With the Tamron 35-150mm f2.8-4 Di VC OSD, photographers are getting a great package zoom.
The Tamron 35-150mm f2.8-4 Di VC OSD is a lens that I needed some time getting used to. This happened before I even touched it. I mean, why these choices of focal lengths? I know lots of folks adore the 35mm focal length and I folks love the 150mm focal length for macro work. However, these choices in focal lengths are an odd package. But, despite my personal gripes, this is a fantastic lens, with great image quality, weather sealing, a small size, a lightweight, and a good feeling. I’ve only got one issue; something I discovered when using the Tamron 35-150mm f2.8-4 Di VC OSD in the field.
Pros and Cons
- A bit of weather resistance
- An interesting range that makes you think outside of the box
- Small size for what it is
- Really nice image quality
- I wish this were native to Canon RF mount
We tested the Tamron 35-150mm f2.8-4 Di VC OSD with the:
- Canon EOS R
- Profoto B10
Specs taken from the Adorama listing
- Fast F/2.8 aperture at the wide-angle end while maintaining a bright F/4 at the telephoto end.
- MOD (Minimum Object Distance) is 17.7 in across the entire zoom range.
- LD (Low Dispersion) glass elements and aspherical lenses quash degrading optical aberrations.
- incorporates the Dual MPU (Micro-Processing Unit) system which assures optimal AF performance
- Lens Mount: Nikon
- Zoom Focal Length: 35-150mm
- Lens Format: Full Frame
- Maximum Aperture: f/2.8-4
- Lens Type: Wide Angle to Telephoto Zoom SLR Lens
- Image Stabilization Type: Yes (VC)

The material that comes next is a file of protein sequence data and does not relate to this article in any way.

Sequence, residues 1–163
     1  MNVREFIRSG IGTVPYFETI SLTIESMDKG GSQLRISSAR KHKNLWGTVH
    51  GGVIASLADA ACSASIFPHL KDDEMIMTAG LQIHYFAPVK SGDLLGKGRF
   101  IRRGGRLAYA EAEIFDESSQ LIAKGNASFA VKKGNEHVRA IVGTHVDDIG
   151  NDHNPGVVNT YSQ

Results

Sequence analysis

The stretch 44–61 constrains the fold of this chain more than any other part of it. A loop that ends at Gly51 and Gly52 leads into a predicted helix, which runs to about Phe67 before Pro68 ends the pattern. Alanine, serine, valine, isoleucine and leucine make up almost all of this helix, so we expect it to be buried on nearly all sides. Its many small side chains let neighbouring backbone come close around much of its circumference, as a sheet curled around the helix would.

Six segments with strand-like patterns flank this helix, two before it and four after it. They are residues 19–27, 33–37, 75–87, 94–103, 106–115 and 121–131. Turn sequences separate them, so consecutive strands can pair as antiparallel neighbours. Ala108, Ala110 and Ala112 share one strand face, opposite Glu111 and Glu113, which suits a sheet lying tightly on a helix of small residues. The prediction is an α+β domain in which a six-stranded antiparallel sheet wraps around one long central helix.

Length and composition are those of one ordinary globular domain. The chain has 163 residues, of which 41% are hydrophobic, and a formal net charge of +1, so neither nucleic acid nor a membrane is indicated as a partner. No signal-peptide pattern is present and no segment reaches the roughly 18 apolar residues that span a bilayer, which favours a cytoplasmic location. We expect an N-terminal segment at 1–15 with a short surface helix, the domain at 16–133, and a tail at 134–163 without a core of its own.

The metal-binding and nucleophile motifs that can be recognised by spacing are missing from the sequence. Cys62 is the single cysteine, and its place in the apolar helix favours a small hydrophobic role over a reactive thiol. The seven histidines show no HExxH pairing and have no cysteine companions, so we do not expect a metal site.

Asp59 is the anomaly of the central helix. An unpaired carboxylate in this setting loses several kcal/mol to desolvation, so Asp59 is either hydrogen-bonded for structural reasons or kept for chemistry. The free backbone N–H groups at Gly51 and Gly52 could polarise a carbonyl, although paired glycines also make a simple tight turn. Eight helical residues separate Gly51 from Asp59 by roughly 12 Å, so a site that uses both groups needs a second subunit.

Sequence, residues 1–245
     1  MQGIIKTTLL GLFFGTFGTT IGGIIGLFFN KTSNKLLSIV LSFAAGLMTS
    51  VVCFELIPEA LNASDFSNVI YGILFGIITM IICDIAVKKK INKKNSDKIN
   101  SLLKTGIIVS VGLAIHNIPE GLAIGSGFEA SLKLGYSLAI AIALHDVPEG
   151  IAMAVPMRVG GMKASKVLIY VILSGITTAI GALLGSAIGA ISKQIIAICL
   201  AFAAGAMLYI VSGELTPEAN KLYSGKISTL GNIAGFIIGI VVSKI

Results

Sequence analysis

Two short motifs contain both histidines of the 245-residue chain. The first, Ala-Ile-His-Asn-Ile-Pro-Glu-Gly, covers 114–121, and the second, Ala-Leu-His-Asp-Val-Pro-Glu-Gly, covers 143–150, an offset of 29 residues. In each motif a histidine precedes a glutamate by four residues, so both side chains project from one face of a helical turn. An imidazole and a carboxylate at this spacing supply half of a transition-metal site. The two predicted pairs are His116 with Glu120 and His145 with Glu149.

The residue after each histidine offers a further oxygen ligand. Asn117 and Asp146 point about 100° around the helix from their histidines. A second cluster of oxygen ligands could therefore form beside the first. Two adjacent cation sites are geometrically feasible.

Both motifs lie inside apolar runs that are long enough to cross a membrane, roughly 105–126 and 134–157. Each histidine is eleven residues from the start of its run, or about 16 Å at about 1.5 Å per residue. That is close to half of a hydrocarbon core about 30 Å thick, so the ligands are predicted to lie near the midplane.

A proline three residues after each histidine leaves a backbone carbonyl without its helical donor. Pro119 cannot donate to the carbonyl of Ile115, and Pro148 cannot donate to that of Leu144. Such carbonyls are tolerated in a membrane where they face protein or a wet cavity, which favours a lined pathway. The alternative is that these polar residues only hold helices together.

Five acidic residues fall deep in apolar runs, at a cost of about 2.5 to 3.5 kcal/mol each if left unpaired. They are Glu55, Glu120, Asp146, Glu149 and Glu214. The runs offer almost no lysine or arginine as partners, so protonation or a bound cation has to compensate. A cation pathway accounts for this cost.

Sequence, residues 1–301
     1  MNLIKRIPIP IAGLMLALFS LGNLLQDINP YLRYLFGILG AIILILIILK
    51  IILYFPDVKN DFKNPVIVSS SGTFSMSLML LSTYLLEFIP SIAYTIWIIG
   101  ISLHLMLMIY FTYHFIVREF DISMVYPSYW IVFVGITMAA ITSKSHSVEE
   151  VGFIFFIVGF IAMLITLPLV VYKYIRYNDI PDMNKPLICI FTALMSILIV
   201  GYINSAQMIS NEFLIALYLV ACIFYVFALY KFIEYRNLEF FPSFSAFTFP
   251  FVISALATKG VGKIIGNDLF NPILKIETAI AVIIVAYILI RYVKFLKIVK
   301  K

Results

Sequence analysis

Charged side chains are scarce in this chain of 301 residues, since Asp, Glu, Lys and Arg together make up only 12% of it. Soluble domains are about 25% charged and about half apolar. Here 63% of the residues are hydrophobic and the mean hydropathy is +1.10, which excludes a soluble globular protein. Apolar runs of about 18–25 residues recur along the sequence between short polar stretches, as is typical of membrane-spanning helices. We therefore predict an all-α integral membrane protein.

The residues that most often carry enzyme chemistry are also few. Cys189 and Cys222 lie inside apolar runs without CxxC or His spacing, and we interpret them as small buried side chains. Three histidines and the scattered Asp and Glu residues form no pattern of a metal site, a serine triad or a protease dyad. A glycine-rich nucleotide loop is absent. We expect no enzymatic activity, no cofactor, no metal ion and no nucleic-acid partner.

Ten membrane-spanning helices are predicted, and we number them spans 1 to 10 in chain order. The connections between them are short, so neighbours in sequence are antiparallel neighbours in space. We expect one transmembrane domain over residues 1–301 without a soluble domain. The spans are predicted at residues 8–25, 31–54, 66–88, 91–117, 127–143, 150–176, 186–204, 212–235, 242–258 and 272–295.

- Lens Series: Tamron Di Series
- Special Features: Aspherical
- Filter Size: 77mm Lens
Taken from our first impressions
The Tamron 35-150mm f2.8-4 Di VC OSD is very lightweight and compact. You’ll find a manual focus ring up front, followed by a much larger zoom ring to adjust the focal length.
Both the manual focus ring and zoom ring are made of rubber and feature grippy ridges, with the zoom ring being lockable. You’ll also notice the signature silver ring found on many of Tamron’s latest lenses just before the mount and rubber gasket.
Notice the markings on the zoom ring for all of the popular portraiture focal lengths (35mm, 50mm, 85mm, 105mm, 135mm, and 150mm). You’ll also find the toggle switches for Vibration Compensation (what Tamron calls their Image Stabilization tech) and Autofocus/Manual Focus toward the side of the lens.
The lens almost doubles in length when zoomed out to 150mm, but due to its lightweight nature, I didn’t find it to become unbalanced when shooting with it paired to a Canon EOS 5D Mk IV.
In our testing, we found the focus acquisition to be pretty fast and accurate. This is the case throughout the various lighting conditions we encountered. Where we found the Tamron 35-150mm f2.8-4 Di VC OSD to fail a bit is when it came to tracking autofocus. To be fair, this is not new to many lenses that we use and adapt via Canon’s EOS R adapters. However, I think the hobbyist photographer getting this lens will not mind all that much. This is a lens photographers will use not really for serious work, but the image quality can surely hold its own in that regard. In terms of autofocus performance, it wasn’t optimal in real-world settings.
With Canon’s latest firmware updates to the EOS R, the autofocus has improved a lot, but I can’t quite say the speed matches Canon’s own.
The Tamron 35-150mm f2.8-4 Di VC OSD has a bit of weather resistance, though it isn’t as talked about as much as other lenses in their press releases. This lens is said to have a bit of moisture resistant construction. However, when you look at Tamron’s diagrams, it seems to have a ton of weather sealing. Given Tamron’s build quality streak, we’re positive you can take this into the rain with no issues.
Best of all, the Tamron 35-150mm f2.8-4 Di VC OSD is very lightweight. It feels great in the hand and, if anything, will remind photographers of holding a prime lens. We didn’t have much of a complaint while testing this lens. Part of this is because of the variable aperture in this lens as it zooms. Still though, this lens should have been designed for mirrorless from the ground up: a strategy that Tamron should have going forward.
Ease of Use